But he is hopeful that the overall casualties will be on the lower side of what could be expected for such a large earthquake in this area, based on early estimates. 

“Magnitude of the earthquake is just one factor regarding how damaging it is. How populated the area is and how severely the ground is shaken are crucially important,” Sasani says.

He says it would take Turkey up to a couple years to rebuild, while in Syria the damage might be written off in addition to other damages due to the war.

How would a significant earthquake affect the U.S.?

In the U.S., significant seismic activity occurs in the center of the country and on the West Coast. There could be significant earthquakes around Memphis, St. Louis, Hajjar says. 

“Even in the Northeast, there are possibilities for moderate earthquakes,” he says.

American inspections of structures are done very thoroughly, however, often by independent inspectors, to make sure that they hold to engineering intent, he says. 

“That’s a critical step in the process and it doesn’t happen in some other countries,” Hajjar says. 

To prevent the volume of devastation, old buildings can be retrofitted in a number of ways. Steel bracing, concrete frames, enhancement of the connection regions are some of them, Hajjar says.

“There has been a lot of progress since the 1970s and ‘80s on earthquake engineering worldwide both in terms of developing new structural systems that are much more resilient to earthquakes as well as retrofitting older structures,” Hajjar says.

California has been conducting a significant retrofitting program, he says, for schools, hospitals, bridges and other critical facilities for several years now.

“The structural steel systems that are in the current national design specifications are excellent for seismic engineering,” Hajjar says.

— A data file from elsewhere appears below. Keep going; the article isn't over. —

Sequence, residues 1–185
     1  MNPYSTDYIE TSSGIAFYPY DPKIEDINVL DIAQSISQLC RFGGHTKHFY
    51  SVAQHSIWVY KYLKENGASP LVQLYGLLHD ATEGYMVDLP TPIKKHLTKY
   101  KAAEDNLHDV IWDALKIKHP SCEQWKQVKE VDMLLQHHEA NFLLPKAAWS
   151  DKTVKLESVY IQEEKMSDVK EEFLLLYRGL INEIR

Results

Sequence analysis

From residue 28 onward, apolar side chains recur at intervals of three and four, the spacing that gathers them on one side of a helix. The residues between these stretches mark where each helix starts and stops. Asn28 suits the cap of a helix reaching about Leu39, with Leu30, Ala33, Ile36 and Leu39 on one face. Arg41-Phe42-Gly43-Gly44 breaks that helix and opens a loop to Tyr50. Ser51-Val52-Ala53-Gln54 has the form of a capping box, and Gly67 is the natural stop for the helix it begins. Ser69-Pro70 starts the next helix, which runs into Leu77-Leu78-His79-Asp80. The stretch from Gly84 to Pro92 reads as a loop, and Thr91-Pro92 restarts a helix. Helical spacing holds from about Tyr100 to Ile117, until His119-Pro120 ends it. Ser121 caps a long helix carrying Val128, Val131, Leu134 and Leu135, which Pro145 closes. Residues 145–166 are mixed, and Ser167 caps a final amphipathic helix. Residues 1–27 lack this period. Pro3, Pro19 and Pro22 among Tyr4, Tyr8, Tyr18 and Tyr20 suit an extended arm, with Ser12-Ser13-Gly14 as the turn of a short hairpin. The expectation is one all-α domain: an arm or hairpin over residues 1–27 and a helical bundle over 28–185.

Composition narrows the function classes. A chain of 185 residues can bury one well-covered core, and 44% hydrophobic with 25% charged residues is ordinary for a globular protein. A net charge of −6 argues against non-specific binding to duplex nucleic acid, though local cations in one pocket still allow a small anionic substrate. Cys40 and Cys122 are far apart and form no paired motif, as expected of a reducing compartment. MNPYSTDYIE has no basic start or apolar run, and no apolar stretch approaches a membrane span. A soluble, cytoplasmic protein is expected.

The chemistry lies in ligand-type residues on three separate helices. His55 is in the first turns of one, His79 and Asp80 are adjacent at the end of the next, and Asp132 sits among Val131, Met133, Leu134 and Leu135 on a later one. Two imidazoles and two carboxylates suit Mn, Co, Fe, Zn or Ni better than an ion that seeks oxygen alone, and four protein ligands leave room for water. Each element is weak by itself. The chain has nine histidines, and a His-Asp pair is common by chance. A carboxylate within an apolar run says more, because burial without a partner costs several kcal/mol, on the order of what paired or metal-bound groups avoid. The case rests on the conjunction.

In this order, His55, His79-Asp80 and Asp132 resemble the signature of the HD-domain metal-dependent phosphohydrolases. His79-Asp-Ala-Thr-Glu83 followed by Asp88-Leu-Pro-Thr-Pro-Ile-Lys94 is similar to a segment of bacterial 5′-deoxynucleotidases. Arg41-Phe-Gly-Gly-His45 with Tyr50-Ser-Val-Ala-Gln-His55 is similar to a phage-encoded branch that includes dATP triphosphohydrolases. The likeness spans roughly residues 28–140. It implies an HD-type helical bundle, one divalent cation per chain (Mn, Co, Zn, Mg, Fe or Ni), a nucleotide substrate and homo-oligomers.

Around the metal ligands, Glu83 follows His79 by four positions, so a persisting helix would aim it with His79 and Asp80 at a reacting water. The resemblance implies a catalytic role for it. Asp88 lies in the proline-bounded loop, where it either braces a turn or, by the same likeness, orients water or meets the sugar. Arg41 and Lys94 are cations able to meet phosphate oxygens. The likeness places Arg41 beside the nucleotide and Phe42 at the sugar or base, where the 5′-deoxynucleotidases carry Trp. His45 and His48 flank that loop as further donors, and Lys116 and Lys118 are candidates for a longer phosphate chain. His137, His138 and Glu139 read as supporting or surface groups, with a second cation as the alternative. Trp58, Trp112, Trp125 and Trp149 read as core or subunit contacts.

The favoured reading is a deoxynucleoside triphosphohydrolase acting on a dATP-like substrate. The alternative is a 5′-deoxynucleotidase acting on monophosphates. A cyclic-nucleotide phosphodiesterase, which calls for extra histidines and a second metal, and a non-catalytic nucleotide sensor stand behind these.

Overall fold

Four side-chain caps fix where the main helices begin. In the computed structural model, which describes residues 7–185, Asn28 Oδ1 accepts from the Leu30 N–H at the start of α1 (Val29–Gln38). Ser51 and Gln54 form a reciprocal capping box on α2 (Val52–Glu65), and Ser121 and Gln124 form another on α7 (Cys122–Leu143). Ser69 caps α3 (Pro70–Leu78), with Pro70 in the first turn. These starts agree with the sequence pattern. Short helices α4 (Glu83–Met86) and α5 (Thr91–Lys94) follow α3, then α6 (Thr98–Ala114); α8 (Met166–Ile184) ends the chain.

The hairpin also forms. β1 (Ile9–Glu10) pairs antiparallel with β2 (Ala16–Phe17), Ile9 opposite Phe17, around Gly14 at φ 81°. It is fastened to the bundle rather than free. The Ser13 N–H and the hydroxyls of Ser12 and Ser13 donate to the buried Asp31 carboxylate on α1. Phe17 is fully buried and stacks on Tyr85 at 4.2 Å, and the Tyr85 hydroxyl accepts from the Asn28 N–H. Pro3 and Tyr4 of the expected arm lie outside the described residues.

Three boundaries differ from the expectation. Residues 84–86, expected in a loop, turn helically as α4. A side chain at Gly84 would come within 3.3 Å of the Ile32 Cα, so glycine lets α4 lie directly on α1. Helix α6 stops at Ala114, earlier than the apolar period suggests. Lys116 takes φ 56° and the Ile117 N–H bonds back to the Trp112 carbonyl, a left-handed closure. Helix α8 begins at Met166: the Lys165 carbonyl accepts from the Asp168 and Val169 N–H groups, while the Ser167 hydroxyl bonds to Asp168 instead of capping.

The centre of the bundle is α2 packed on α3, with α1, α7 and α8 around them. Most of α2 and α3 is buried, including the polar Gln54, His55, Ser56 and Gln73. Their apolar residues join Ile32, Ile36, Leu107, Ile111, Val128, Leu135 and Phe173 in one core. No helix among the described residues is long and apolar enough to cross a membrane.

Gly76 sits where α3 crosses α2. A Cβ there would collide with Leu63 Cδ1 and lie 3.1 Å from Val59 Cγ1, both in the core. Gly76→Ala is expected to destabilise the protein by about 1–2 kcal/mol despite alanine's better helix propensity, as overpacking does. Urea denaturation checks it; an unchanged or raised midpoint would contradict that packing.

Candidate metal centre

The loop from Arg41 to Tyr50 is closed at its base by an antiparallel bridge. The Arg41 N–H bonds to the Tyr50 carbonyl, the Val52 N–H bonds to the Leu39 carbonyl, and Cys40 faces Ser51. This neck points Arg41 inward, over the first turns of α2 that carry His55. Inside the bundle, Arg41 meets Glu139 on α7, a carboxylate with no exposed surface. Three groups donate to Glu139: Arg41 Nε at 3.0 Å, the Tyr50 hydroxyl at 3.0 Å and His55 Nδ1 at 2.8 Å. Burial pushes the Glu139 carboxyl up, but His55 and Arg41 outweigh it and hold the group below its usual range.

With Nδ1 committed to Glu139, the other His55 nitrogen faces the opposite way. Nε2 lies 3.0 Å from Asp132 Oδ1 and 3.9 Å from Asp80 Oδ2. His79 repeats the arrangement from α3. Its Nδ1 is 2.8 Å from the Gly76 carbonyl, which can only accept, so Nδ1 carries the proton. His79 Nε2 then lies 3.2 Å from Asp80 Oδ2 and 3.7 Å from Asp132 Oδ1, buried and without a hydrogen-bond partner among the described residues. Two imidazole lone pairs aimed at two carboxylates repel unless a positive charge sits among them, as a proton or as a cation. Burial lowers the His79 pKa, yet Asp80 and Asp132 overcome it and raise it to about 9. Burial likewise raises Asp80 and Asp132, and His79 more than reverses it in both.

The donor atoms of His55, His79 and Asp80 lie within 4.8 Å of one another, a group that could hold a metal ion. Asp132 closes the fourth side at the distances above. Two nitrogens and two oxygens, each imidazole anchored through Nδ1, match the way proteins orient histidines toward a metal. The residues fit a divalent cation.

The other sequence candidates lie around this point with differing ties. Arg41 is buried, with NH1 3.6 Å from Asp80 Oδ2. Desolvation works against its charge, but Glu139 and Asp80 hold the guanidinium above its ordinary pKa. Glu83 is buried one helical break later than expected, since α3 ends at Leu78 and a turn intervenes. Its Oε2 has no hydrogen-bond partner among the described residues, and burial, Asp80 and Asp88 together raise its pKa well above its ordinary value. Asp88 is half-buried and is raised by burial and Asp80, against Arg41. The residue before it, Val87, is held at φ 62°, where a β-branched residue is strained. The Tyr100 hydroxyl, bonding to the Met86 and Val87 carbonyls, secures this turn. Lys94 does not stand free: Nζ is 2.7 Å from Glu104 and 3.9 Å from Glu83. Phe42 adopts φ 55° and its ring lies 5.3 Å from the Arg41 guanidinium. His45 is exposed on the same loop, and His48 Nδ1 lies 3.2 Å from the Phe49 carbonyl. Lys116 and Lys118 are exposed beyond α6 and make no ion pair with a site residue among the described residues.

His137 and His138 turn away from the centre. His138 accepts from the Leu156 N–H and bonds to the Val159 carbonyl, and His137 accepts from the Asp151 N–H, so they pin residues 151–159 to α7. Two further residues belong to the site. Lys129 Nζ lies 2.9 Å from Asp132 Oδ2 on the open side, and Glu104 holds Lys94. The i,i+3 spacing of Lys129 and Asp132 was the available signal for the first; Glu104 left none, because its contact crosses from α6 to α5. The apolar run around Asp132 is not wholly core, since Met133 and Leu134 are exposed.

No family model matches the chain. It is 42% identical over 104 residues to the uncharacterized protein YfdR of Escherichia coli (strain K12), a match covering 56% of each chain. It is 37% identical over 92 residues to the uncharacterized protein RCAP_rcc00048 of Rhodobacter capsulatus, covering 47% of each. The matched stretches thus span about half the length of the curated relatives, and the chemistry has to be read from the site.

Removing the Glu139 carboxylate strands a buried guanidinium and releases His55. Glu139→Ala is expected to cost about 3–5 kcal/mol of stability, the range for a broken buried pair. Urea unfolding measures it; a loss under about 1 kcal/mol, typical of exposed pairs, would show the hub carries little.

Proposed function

Owners of the buildings constructed before the late 1990s should consider the status of their structures, he says, and have them inspected for extreme events.

In other countries around the world it can be very difficult to get funding for reinforcement projects, Hajjar says.

Rebuilding communities should be worldwide effort

“Unfortunately, poorer communities that suffer such devastations often are left to mend for themselves, and they continue with limited resources building structures vulnerable to earthquake-induced damages,” says Mishac Yegian, distinguished professor of civil and environmental engineering at Northeastern.

In his opinion, there should be a prudent worldwide-effort to reduce the number of existing inventories of vulnerable buildings and other types of structures that should be strengthened or replaced with new structures designed following modern regional seismic codes.

The Feb. 6 earthquake occurred along the East Anatolian fault that had not ruptured for a few hundred years, Yegian says. 

The country is mostly located on the Anatolia tectonic plate, which is defined by two faults, North Anatolian and East Anatolian, and is being pushed by the Arabian plate, he says.

“What is surprising is that the two earthquakes caused progressive ruptures along a large segment of the East Anatolian Fault,” he says. “This is evidence that the stresses along the fault and its tributaries had been locked for a long time and the two events are.”

The aftershock pattern also implies that the ruptures of the faults were initiated from the northern portions and progressed towards the southern portion of the fault, he says. This may be an explanation why the earthquake ground motions were felt all the way to Syria, Cyprus, Egypt, Lebanon, and Israel and not in the northern regions of the fault. 

Alena Kuzub is a Northeastern Global News reporter. Email her at Follow her on Twitter @AlenaKuzub.